Our showjumping columnist reflects on what British centres can learn from the first show to have taken place since lockdown in Germany and how generous riders at the top of their game can be with their time to everyone’s benefit...
When will competitions start again in the UK? That’s the question everyone’s asking, especially when a three-day show has run successfully in Germany.
Organised by Holger Hetzel, it had all the correct measures in place, including one groom to two horses, and using American-style warming-up.
This involves four practice jumps, each with four wings, in the collecting ring. Riders are called in with five horses to go. They can use the whole area to ride round but can only use one jump each – which becomes “their” jump.
I’ve seen it work really well in the States; for Covid-19 purposes it avoids groups of people standing around a fence.
Holgar said how much everybody had enjoyed his show, which was fully sanctioned, and that he’s encouraging other centres to do likewise.
Hopefully we can soon follow Germany’s example with similar shows, because there’s such a lot at stake. Competitive riders and show centres are losing money at what is traditionally their most profitable time of year, and British Showjumping (BS) is missing out on horse and rider registrations.
We’ve made the most of lockdown – the extra time we’ve had to spend with the younger horses has really helped them, as it has our clients’ progress in their training – but you can’t beat getting into the ring in competition mode.
When my son Will started doing his showjumping podcast, I thought it would just feature a few of his young rider team-mates. However, I can’t believe how many top riders and equestrian personalities have not only given their time, but some fascinating insights into their training and lifestyles, too.
It wasn’t always the case. During the “golden age” of showjumping, I remember once being at a show with Harvey Smith when a reporter came up and asked him for an interview. “How much brass [money] am I getting?” was Harvey’s opening line…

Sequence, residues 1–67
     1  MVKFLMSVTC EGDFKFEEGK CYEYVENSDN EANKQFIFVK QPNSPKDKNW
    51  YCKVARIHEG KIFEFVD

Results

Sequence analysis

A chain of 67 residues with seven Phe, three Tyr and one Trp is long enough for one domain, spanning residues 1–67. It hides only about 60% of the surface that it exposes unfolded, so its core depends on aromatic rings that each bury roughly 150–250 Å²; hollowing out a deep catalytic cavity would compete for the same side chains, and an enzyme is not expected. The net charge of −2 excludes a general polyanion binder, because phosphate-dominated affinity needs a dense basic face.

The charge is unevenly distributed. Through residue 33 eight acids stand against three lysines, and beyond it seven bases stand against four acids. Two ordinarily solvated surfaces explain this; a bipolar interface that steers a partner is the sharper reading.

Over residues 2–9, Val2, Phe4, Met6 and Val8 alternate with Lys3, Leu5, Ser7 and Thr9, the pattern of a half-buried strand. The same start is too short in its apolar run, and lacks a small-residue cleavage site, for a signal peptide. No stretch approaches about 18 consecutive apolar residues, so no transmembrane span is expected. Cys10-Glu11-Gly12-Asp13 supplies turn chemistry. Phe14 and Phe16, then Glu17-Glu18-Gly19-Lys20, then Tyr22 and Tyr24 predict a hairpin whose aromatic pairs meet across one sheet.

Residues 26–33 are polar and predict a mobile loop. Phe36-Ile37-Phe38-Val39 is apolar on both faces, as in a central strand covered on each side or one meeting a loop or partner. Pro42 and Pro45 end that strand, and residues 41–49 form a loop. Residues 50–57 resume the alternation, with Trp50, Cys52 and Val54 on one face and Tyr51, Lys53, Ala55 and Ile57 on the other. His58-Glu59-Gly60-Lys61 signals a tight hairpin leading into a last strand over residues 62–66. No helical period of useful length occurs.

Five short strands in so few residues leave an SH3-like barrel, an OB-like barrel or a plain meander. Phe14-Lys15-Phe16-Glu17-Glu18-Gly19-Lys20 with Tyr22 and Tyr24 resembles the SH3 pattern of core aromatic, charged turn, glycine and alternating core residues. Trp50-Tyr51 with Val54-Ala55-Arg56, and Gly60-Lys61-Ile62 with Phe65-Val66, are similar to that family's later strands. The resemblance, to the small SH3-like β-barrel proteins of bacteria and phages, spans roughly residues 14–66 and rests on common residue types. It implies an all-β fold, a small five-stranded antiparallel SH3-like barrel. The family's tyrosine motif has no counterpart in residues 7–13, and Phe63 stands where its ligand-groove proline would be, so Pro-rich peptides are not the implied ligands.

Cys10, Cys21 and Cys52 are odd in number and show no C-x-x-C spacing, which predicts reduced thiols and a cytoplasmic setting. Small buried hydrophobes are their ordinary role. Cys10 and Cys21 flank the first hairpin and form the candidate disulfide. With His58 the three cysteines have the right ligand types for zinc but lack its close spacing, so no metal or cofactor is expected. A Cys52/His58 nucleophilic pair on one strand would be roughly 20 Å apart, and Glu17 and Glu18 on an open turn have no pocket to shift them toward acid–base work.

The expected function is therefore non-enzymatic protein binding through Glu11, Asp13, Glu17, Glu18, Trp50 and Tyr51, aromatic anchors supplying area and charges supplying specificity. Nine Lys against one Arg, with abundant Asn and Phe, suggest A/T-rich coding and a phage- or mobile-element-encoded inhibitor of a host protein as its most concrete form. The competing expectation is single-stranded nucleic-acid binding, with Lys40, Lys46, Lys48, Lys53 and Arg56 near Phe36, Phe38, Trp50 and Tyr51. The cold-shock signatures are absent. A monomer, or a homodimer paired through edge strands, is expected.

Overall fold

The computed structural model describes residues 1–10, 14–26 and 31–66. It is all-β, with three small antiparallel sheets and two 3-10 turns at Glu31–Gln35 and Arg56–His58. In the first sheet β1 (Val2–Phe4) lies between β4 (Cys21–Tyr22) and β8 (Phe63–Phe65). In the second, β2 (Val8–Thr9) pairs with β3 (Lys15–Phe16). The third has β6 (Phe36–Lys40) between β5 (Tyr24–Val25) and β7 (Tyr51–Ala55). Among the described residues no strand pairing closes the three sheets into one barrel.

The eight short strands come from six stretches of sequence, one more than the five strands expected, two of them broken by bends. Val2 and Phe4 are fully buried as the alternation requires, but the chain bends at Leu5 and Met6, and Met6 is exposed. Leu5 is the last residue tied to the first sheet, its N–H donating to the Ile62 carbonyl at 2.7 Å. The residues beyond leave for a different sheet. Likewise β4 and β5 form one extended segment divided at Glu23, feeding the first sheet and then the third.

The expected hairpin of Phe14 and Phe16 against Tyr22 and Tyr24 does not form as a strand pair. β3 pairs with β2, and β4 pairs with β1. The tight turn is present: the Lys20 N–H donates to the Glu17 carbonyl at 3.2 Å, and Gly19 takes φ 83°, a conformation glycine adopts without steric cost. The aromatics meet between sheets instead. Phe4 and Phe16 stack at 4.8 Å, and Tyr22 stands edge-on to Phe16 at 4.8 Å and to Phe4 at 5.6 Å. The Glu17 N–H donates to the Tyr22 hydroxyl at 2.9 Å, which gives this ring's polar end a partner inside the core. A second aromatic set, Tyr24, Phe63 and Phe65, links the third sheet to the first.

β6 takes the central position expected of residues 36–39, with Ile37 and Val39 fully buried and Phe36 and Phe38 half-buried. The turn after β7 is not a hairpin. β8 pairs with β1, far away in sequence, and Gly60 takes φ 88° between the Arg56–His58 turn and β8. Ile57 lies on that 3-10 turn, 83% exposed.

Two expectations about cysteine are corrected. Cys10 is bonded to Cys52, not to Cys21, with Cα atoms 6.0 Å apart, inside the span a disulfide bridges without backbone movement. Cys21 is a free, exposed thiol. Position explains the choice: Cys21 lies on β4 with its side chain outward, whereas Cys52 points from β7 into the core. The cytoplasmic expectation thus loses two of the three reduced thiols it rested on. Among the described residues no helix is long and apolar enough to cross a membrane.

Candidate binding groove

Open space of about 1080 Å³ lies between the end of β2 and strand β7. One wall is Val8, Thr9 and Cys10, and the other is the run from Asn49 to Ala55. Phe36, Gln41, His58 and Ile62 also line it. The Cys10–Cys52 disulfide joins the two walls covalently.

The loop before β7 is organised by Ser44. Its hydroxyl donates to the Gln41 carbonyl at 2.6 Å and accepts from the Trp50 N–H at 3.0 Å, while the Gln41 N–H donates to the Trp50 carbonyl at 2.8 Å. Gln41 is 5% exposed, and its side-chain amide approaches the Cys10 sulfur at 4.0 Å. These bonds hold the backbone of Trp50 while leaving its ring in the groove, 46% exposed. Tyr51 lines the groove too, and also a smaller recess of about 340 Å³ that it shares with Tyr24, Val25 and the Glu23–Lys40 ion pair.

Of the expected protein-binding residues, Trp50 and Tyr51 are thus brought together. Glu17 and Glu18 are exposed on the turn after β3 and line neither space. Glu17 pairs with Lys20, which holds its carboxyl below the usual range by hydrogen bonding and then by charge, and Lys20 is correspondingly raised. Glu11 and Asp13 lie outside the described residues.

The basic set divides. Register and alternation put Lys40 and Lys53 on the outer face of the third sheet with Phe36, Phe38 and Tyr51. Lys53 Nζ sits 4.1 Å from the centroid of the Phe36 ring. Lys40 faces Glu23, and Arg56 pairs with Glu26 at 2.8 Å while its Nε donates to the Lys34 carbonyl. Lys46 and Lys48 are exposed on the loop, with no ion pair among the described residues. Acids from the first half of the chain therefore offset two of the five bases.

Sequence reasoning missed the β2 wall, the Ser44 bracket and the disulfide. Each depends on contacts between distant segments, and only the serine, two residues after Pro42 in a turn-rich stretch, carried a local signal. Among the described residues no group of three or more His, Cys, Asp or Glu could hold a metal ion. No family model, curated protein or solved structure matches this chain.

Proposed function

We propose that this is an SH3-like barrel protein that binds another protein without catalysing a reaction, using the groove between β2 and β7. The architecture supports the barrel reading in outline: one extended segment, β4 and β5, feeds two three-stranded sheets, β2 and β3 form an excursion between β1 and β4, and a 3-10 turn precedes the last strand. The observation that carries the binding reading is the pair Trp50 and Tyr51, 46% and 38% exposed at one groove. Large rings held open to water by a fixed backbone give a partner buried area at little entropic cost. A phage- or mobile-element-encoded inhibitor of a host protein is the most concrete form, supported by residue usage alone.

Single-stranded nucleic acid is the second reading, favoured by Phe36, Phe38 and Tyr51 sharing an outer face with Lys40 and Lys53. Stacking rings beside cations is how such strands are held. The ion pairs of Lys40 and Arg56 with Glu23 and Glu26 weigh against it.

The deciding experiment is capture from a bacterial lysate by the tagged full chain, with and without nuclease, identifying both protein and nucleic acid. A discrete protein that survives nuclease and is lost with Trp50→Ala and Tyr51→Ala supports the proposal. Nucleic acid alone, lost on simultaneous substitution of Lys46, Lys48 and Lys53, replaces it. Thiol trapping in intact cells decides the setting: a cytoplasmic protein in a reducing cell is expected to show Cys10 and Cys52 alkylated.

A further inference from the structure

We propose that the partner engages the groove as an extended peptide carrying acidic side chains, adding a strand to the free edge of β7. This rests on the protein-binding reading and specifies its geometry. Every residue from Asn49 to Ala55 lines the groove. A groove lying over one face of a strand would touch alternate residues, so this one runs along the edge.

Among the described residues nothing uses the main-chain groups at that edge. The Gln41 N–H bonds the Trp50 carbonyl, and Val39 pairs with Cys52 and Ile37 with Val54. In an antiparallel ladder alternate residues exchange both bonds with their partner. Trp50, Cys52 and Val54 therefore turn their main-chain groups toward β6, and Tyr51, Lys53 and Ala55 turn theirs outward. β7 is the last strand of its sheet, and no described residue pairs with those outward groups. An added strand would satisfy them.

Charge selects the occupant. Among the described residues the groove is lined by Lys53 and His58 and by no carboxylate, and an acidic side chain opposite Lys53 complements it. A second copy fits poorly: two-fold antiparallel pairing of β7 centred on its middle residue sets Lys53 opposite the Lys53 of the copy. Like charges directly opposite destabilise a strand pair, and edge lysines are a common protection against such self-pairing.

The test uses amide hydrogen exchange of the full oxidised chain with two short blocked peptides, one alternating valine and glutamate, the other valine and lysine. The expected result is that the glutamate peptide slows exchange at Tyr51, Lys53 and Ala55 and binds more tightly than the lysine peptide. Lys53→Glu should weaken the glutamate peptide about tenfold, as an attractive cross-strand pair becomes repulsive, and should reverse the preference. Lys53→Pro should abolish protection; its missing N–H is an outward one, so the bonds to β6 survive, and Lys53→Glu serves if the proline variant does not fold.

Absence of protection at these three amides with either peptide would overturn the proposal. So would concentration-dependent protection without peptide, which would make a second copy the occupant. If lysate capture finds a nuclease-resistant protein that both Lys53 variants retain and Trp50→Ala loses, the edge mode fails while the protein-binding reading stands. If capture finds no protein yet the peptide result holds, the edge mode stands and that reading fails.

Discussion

Ben Maher was incredibly generous with his time for Will’s podcast. He even revealed that, despite all his recent success, he’d been struggling with a bad back following a nasty fall. Ben had an operation at the beginning of this year which kept him out of the ring for three months, but added that for the first time in seven years, he’s now waking up pain-free.
Laura Renwick explained how she incorporates jump-off turns and jumping across fences into her training, even on young horses. I’ve since noticed both our boys practising the same.
When Scott Brash was asked who had given him the best piece of advice, he recalled attending a training course as a young rider with Irish former Hickstead Derby winner John Ledingham.
Scott said he became very frustrated with the horse he was riding, and asked John what to do. To which John replied: “Get off it and think why it was getting stressed, work out a solution and then try again.”
How right he was… and how well I remember as a 19-year-old riding at Dublin Horse Show with the all-time great Italian Raimondo D’Inzeo. I watched him on the first day riding Bellevue, and couldn’t believe it when he had six fences down.
But instead of showing his frustration with his horse, Raimondo calmly gave him a pat as he left the arena, got off and went to watch the rest of the class.
Later in the day, I saw him quietly schooling Bellevue. He schooled him again the following day. On the third day, it all came to fruition – and he won the grand prix.
Ref Horse & Hound; 28 May 2020
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